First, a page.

Bug 63328 - Apparent race condition causes undeserved 500 / connection reset by peer errors
Summary: Apparent race condition causes undeserved 500 / connection reset by peer errors
Status: NEW
Alias: None
Product: Apache httpd-2
Classification: Unclassified
Component: mod_fcgid (show other bugs)
Version: 2.4.25
Hardware: PC Linux
: P2 major (vote)
Target Milestone: ---
Assignee: Apache HTTPD Bugs Mailing List
Depends on:
Reported: 2019-04-09 03:15 UTC by tlhackque
Modified: 2019-04-09 03:15 UTC (History)
0 users


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Description tlhackque 2019-04-09 03:15:40 UTC
There appears to be a race condition in mod_fcgid.

Here's what I see:

A Perl (CGI::Fast) application decides (actually is told) to exit.

In response to a POST, it issues a (303) redirect to its status page and exit()s - expecting that a new instance will be started to service the redirect.

HTTPD reports:

[Sun Apr 07 13:24:13.991499 2019] [fcgid:warn] [pid 17236] (104)Connection reset by peer: [client ...] mod_
fcgid: error reading data from FastCGI server, referer: ...
[Sun Apr 07 13:24:13.994622 2019] [core:error] [pid 17236] [...] End of script output before headers
: notice.fcgi, referer: https://.../fastbrowser

Modsec's helpful audit log says:
Apache-Error: [file "fcgid_proc_unix.c"] [line 627] [level 4] [status 104] mod_fcgid: error reading data from FastCGI server
Apache-Error: [file "util_script.c"] [line 500] [level 3] %s: %s
Apache-Handler: fcgid-script

And the web browser gets a 500 error from httpd.

What's interesting is that if the server generates a 200 response, the error doesn't happen.

Further, if the application generates the 303 without doing anything else, the 500 isn't generated; the redirect works.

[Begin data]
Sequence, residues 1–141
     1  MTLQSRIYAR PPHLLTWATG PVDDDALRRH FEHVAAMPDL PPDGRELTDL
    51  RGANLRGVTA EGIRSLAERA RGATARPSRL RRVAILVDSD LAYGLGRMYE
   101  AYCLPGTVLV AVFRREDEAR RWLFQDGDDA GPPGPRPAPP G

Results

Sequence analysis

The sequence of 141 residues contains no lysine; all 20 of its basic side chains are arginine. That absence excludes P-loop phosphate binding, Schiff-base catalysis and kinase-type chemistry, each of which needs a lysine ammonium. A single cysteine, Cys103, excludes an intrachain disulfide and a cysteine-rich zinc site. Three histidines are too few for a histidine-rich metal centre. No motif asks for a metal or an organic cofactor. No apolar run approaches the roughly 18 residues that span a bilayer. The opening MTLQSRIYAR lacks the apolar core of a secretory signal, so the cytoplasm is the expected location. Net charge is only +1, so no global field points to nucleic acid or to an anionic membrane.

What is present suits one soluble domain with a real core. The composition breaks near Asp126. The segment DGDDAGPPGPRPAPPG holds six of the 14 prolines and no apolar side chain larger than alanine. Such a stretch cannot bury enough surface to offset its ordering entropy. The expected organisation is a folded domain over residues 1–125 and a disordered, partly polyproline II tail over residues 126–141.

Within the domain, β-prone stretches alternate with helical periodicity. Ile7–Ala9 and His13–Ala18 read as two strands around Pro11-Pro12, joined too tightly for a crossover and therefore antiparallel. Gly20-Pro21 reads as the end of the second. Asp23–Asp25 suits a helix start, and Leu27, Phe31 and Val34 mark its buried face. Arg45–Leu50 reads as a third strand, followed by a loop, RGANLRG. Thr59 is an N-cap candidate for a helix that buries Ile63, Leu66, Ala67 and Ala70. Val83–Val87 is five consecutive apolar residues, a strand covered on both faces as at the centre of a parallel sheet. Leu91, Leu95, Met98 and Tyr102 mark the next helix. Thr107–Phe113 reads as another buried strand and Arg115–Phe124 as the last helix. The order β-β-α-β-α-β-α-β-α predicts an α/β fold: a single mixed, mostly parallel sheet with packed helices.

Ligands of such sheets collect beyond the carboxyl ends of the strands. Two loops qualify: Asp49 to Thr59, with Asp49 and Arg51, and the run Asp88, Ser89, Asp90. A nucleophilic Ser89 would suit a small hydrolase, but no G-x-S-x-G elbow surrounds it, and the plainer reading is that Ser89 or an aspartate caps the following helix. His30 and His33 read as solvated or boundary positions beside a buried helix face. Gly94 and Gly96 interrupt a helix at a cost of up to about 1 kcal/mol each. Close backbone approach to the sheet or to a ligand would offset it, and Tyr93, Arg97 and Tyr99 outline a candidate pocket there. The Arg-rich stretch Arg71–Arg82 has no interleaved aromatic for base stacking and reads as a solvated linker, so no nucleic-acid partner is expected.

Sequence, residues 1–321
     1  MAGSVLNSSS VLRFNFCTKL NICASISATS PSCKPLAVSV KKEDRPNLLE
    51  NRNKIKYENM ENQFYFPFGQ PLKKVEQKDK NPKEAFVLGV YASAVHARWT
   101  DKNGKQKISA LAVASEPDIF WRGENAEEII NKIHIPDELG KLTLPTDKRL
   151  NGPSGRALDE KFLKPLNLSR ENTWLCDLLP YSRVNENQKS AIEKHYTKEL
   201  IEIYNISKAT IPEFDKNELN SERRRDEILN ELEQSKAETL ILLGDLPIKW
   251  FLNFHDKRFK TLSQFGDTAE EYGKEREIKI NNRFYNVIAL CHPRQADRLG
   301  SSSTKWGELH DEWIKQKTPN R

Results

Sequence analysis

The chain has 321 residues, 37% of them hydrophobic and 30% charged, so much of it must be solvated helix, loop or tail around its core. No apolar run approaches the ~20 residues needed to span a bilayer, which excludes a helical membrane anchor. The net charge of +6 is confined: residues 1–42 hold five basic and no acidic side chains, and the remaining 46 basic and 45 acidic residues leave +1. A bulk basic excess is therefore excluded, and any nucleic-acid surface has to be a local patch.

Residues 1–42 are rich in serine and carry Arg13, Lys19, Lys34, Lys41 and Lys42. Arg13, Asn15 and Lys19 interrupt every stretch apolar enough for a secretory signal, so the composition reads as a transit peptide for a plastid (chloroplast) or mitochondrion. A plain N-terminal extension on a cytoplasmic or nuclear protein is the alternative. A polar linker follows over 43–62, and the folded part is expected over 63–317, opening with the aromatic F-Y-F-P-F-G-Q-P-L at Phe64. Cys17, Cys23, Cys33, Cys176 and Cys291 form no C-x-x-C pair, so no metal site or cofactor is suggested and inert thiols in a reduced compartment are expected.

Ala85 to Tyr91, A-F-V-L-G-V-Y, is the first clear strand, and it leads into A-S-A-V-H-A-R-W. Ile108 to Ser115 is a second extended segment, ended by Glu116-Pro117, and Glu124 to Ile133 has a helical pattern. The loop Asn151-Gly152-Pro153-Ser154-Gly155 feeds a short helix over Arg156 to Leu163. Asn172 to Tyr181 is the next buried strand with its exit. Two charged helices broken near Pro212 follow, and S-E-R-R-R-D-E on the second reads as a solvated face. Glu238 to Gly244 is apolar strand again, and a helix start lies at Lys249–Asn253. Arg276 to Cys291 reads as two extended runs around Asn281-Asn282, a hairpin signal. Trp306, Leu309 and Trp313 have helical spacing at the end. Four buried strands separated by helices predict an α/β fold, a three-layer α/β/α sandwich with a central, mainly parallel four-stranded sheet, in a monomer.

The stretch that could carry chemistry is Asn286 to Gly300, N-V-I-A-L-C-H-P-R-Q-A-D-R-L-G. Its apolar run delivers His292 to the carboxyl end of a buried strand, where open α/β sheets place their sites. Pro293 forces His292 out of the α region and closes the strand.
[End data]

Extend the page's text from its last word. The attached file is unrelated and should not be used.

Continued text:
The crash seems to be timing sensitive.  My working theory is that:

The (Perl application)server exits, closing the FCGI server connection.  If a 200 is provided before the exit, all goes as expected.  A redirect takes time - the browser sends the GET some time later.  If it's much later, it hits a new server instance.  If it's at just the right time, it starts to get sent to the (now exiting) server; the connection close is noticed, and the request is lost to the 500.

This reproduces consistently with a real application.  I've tried to cut it down to a reproducer, but failed.

I tried various ways to prevent this - including sending 'LastCall' - none work in the real application.

httpd 2.4.25, mod_fcgid 2.3.9.  CGI::Fast 2.15 FCGI 0.78

Here is my attempt at a small reproducer.  While I haven't found the right magic to reproduce the problem, it clearly illustrates the failing application structure. (For simplicity, this is all done with GET, but that shouldn't matter.)


Setup shutdown.fcgi to run as a script, as, say /test.fcgi

Browse to /test.fcgi - hit refresh, you will see the Requests served counter increment.

Now Browse to /test.fcgi/shutdown - the server issues a redirect and exits.  You will see that the response has a new PID, the requests served goes back to 1, and the URL in the address bar is no /test.fcgi/LoopExit.

Or (change the if(01)), it invokes LastCall - which tells the library explicitly not to send more requests - then falls out of the loop synchronously to exit.  The GET invoked by the redirect should start a new server; instead you get the 500 error.  In the real application, the 500 errors are 100% reproducible.  I haven't found the right timing to make the reproducer fail - and if I did, I suspect that timing would not be portable to other machines.

What I expect is that once the server exits (and especially with LastCall invoked), mod_fcgid will pass incoming requests to another server instance.  Starting a new one if necessary.  (In the real app, it is guaranteed that there is only one server at this time.)  If one can't be found/started, the response should be something like "no servers available", not "Internal error" with logging that blames the server.

Here's the (very small) almost-reproducer.  The structure is the same as the real application.


use warnings;
use strict;

require CGI::Fast;

my $n;
my $q;
while( ( $q = CGI::Fast->new ) ) {
    # Variable work here

    if( $ENV{PATH_INFO} eq '/shutdown' ) {
        if( 01 ) {
            print( <<"xx" );
Status: 303 See other
Location: /test.fcgi/LoopExit

Server $$ shutdown after $n requests
        no warnings 'once';

    print( <<"XX" );
Status: 200 OK
Content-Type: text/plain

Server $$, Requests served: $n
# Here when CGI::Fast returns undef to shut down.
print STDERR ( "ERR: Server $$ shutdown after $n requests\n" ) if( 0 );


Finally, my work around is to send a buffer page - it waits 15 seconds and then does a javascript redirect.  This works every time  - but is a horrible user experience...